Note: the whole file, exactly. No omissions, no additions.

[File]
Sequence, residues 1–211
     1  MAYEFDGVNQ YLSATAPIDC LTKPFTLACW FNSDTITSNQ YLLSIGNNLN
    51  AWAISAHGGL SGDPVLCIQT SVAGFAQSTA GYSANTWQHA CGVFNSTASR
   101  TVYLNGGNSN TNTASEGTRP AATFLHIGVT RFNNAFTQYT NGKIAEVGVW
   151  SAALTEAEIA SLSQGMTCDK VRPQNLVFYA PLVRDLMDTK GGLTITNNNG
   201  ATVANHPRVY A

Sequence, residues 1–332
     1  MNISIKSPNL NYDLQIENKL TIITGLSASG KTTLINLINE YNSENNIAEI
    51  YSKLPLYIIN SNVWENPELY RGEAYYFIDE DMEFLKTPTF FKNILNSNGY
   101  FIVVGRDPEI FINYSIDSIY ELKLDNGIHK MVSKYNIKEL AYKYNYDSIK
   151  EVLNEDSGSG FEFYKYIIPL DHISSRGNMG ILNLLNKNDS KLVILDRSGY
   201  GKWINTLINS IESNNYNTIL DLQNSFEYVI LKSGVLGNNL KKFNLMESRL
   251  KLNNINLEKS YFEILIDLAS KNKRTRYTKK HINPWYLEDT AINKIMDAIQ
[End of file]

Sequence, residues 1–211
     1  MAYEFDGVNQ YLSATAPIDC LTKPFTLACW FNSDTITSNQ YLLSIGNNLN
    51  AWAISAHGGL SGDPVLCIQT SVAGFAQSTA GYSANTWQHA CGVFNSTASR
   101  TVYLNGGNSN TNTASEGTRP AATFLHIGVT RFNNAFTQYT NGKIAEVGVW
   151  SAALTEAEIA SLSQGMTCDK VRPQNLVFYA PLVRDLMDTK GGLTITNNNG
   201  ATVANHPRVY A

Sequence, residues 1–332
     1  MNISIKSPNL NYDLQIENKL TIITGLSASG KTTLINLINE YNSENNIAEI
    51  YSKLPLYIIN SNVWENPELY RGEAYYFIDE DMEFLKTPTF FKNILNSNGY
   101  FIVVGRDPEI FINYSIDSIY ELKLDNGIHK MVSKYNIKEL AYKYNYDSIK
   151  EVLNEDSGSG FEFYKYIIPL DHISSRGNMG ILNLLNKNDS KLVILDRSGY
   201  GKWINTLINS IESNNYNTIL DLQNSFEYVI LKSGVLGNNL KKFNLMESRL
   251  KLNNINLEKS YFEILIDLAS KNKRTRYTKK HINPWYLEDT AINKIMDAIQ